More than £1 billion of food surplus occurs in primary production every year, according to a study highlighting the scale of the country’s waste problem. Crops rejected by retailers because they do not meet quality standards, fluctuations in demand or problems during storage or packing all contribute to 3.6m tonnes of waste that never ends up leaving farms. The figure equates to 7.2 percent of food harvested and is more than 10 times the amount thrown away by retailers,
The report, by waste-reduction body Wrap, says the surplus includes 2m tonnes of edible food that does not make it to a retailer or other intended buyer, but is diverted to feed livestock or distributed to charities. The rest is disposed of by being ploughed back into fields, composted or used to create energy.
Peter Maddox, Director of Wrap, said: “This is the most detailed study of food surplus and waste in primary production undertaken for the UK, and a key finding has been the range of waste across all food categories.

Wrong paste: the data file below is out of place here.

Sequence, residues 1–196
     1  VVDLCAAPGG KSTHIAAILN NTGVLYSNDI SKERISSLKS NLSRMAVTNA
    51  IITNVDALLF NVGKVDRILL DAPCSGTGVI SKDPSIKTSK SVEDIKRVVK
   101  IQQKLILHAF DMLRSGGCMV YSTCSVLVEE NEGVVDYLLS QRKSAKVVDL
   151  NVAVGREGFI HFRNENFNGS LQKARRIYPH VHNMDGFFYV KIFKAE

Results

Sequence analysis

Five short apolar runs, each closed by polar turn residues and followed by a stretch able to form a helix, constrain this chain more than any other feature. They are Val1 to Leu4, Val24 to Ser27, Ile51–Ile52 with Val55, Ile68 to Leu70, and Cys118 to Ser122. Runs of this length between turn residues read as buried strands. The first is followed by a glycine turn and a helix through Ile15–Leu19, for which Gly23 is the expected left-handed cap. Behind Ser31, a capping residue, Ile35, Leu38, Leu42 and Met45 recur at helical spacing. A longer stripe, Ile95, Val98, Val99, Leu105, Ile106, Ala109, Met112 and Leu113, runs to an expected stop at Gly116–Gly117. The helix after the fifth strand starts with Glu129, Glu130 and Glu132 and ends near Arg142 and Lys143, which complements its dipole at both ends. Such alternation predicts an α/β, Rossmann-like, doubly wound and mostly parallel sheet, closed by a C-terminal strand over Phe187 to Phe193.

“This tells us there is huge potential to reduce the amount of surplus and waste by promoting best practice, and that’s where our work is now focussed.”
Jack Ward, Chief Executive of the British Growers Association, said that from a grower’s perspective, it is “critical that we maximise sales of the produce grown on our land for its primary use.”
He added: “Any product left on farm, whether it fails to meet specification or is rejected for quality factors, is very frustrating. “As the sustainability of our food production systems comes under increasing scrutiny, reducing waste at every point in the food supply chain will be an increasing priority.”